Known for its dizzying skyscrapers and big-city buzz, Hong Kong is an intoxicating place to visit by any account. Just beyond the bright lights, however, a less hyped – and equally captivating – experience awaits intrepid families and travellers.

Hong Kong’s green spaces are a stone’s throw from the city. Photo: Shutterstock

Hong Kong is famous for its shopping, dining and nightlife. But most travellers are often surprised to discover that the dense and bustling city is also a popular destination for nature-lovers. Almost 70% of the territory is unspoilt natural terrain. Plus, 40% of it officially protected by the government. Rugged mountains rise from sandy beaches and sleepy villages to heights of almost 1,000 metres. The hills are criss-crossed by a network of hiking trails and country parks. Yet the entire region covers an area only one-quarter the size of Sydney, making its natural wonders uniquely accessible to both locals and visitors.

Dragon’s Back is one of the most popular hiking routes in Hong Kong. Photo: Shutterstock

The very first of these wonders can sometimes be seen before you even set foot on the ground. On a clear day, flying into Hong Kong International Airport from the west, a keen eye might spot one of the famed pink dolphins that inhabit the surrounding waters. The endangered dolphins can be viewed up close via regular boat tours. Just be sure to go with a reputable operator such as conservation-minded Hong Kong Dolphinwatch. They offer educational talks on every trip.

The dolphin trips run in the morning, so on the way back, consider a detour to sleepy Tai O. This is one of the most unique traditional fishing villages in Hong Kong. The village is a maze of canals and stilt houses, with plenty to discover along its winding boardwalks and waterways. Find your way back to Central by bus and ferry for unbeatable views of the coastline and city.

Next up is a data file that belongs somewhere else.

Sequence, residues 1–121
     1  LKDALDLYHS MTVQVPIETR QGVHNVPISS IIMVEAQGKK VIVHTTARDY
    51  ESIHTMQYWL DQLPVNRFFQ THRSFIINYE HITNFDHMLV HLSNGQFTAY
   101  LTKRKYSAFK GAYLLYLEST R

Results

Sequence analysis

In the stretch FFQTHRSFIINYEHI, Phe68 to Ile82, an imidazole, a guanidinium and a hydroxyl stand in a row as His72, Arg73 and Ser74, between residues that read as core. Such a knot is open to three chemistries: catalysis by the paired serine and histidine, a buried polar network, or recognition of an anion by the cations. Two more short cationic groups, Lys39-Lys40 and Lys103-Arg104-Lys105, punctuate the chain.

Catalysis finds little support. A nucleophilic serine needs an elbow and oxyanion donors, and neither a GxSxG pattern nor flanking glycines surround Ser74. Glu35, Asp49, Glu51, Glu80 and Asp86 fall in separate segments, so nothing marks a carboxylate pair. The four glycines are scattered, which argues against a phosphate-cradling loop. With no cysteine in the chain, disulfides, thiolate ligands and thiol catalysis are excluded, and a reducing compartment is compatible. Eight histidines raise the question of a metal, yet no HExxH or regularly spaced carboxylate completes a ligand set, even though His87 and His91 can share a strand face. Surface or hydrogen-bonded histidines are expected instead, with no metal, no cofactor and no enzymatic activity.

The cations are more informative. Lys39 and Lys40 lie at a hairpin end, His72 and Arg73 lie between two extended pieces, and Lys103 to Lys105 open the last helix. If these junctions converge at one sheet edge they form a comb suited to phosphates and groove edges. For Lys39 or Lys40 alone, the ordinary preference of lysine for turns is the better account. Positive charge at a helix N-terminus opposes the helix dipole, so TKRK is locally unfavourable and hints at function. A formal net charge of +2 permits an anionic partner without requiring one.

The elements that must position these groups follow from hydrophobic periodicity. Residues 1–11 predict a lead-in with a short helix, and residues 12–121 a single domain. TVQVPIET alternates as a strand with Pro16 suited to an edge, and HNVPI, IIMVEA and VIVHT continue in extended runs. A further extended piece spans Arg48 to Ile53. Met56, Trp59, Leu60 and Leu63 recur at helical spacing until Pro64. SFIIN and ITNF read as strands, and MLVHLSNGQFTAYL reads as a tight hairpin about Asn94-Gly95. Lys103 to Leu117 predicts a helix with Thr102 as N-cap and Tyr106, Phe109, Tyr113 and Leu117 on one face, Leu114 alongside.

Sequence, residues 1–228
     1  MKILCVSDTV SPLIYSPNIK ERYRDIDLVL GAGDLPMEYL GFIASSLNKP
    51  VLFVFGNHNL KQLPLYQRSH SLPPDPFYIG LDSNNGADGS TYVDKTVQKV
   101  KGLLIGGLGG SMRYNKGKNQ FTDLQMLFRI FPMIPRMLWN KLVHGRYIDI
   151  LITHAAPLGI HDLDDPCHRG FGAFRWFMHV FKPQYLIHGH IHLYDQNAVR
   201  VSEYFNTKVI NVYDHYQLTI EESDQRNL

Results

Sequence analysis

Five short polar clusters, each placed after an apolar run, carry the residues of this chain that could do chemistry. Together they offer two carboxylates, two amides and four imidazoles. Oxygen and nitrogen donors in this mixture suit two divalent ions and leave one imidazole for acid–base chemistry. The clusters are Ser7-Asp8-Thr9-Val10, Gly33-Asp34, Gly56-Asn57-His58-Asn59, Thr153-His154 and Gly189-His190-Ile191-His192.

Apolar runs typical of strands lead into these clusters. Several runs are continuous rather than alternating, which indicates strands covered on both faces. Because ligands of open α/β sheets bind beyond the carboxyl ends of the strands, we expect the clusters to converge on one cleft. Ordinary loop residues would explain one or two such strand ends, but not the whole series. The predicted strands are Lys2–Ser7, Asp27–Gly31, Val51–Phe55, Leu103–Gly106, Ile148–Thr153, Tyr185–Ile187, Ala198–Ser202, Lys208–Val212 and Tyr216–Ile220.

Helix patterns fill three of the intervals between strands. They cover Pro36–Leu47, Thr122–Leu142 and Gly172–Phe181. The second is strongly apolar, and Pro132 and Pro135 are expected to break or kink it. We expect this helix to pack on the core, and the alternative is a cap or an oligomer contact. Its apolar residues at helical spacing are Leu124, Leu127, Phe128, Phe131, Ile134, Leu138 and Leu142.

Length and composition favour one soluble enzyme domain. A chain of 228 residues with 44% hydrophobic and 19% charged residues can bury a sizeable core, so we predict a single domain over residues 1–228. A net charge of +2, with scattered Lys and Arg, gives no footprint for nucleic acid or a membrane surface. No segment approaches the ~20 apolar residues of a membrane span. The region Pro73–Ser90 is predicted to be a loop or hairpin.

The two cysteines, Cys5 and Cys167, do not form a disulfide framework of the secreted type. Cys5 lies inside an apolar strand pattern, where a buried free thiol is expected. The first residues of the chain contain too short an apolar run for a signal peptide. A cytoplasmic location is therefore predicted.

The charming fishing village of Tai O at sunset. Photo: Jessica Lee

Back on dry land, a visit to Kadoorie Farm and Botanic Garden is perfect for families with young children. On the steep northern slope of Tai Mo Shan, 148 hectares of organic farming terraces, landscaped gardens and natural forest is waiting to be explored. The Farm encourages visitors to explore their relationship with nature. Join seasonal events from cherry-blossom viewing in spring to wild animal encounters and mindfulness workshops, or just have a wander and a picnic.

Cherry-blossom season in Hong Kong is magic! Photo: Kadoorie Farm

Meanwhile, older kids will find plenty to discover at Mai Po Nature Reserve. This wetland park on the China border sees tens of thousands of migratory birds each winter, and is home to a plethora of local wildlife year-round. Well-managed walking paths and bird hides allow visitors to explore at their leisure. Be sure to call ahead as the WWF-run conservation area has a daily visitor quota.

The marshes in May Po. Photo: Wikimedia Creative Commons